Philanthropy at the core is very simple and it starts by coming from an authentic place of generosity.  I've come to a place in life that I want more than just a financial gain with regards to the projects I work on and whom I work with. I keep philanthropy at the center of whom I am and use it to guide my thoughts in everyday life.  Once I established my core values, I found that I gravitated towards others with similar interests. The result has been a growing circle of friends and we have become leaders of change together.  When I encounter a difficult decision, I always go back to my core passion and follow that vision which leads me to people, places and organizations that align with my core.

Philanthropy at the core is very simple and it starts by coming from an authentic place of generosity. I’ve come to a place in life that I want more than just a financial gain with regards to the projects I work on and whom I work with.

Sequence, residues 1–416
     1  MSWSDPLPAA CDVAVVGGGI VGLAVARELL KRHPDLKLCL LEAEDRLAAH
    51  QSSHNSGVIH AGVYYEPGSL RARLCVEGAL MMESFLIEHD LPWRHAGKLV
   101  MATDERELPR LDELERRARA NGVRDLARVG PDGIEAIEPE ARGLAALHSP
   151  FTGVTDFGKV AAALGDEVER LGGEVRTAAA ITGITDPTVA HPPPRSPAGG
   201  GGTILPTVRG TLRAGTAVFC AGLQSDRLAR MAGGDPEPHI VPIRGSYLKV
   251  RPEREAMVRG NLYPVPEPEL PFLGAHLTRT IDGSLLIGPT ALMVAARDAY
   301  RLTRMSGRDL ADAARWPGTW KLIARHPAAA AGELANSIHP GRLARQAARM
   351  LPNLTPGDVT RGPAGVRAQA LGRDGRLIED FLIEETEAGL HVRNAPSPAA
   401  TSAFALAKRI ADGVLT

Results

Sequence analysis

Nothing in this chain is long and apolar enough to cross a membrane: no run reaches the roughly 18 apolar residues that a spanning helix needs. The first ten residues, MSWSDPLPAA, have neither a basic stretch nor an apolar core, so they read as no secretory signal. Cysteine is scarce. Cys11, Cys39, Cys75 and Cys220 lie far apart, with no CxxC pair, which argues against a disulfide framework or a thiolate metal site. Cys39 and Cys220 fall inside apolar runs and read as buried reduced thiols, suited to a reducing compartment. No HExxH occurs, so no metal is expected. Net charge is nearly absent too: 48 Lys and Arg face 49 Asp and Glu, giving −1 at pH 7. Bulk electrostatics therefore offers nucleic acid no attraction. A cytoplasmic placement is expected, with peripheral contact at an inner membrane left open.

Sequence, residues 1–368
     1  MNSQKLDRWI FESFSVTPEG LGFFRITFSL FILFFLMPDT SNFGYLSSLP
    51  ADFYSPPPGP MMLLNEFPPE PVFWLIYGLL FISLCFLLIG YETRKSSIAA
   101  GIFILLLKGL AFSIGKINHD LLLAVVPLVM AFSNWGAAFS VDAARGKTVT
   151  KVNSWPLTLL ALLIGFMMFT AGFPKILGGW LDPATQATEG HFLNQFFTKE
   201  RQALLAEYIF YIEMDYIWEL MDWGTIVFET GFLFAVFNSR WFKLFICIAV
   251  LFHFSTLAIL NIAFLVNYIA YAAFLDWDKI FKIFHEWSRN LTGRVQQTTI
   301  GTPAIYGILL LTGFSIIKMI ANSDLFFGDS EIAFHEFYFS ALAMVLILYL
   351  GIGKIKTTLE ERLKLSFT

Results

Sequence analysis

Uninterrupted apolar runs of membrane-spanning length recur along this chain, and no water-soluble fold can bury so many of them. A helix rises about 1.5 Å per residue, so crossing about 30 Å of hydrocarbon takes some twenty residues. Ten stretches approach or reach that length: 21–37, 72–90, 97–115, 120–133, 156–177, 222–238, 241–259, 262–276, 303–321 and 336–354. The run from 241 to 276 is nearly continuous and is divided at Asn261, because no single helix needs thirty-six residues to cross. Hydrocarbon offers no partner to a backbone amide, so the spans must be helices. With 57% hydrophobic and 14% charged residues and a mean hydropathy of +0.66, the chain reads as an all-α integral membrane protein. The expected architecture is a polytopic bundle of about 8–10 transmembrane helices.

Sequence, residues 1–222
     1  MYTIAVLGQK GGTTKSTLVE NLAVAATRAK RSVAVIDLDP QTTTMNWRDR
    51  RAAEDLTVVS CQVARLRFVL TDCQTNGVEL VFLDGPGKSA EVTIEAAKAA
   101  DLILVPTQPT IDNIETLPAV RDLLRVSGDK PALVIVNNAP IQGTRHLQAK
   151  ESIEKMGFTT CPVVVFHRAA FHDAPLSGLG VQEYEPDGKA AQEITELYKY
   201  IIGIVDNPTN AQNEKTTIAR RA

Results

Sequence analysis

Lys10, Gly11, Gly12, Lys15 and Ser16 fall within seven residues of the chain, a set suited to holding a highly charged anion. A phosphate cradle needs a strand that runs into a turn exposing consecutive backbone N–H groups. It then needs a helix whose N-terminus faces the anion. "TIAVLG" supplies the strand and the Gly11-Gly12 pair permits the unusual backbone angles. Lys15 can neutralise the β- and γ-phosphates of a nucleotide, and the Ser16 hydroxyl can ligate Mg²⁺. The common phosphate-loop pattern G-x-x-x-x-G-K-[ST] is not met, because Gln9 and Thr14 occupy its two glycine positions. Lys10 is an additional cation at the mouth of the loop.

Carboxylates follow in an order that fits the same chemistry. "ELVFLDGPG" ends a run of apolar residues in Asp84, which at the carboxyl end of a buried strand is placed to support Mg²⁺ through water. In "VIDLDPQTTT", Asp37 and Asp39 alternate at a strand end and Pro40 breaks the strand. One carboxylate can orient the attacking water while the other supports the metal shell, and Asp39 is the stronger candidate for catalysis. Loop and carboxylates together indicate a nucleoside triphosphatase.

What advice would you give to people re-thinking generosity, whether that be generosity with their time or their money? How would you advise them to use their resources?

I believe time is one's most valuable asset to give away. We all have a limited about of time and it will run out, unlike money, which we can continue to make more of. For me, giving someone your time has a much higher value than giving money. I'm currently a mentor for a global team leader with Three Dot Dash. Being a mentor is based on giving your expertise, network, ideas and support to the generation that is redefining our world. It's actually been one of the most rewarding experiences of creative philanthropy yet. 

However, for some people it's much easier to give money. So many people think you have to have a lot of money to be a philanthropists. I believe just the opposite. Any amount that a person gives, is better than giving nothing. I greatly admire people who can manage giving both their time and money. Philanthropy is very personal and I suggest that you do what you can for the cause you're passionate about.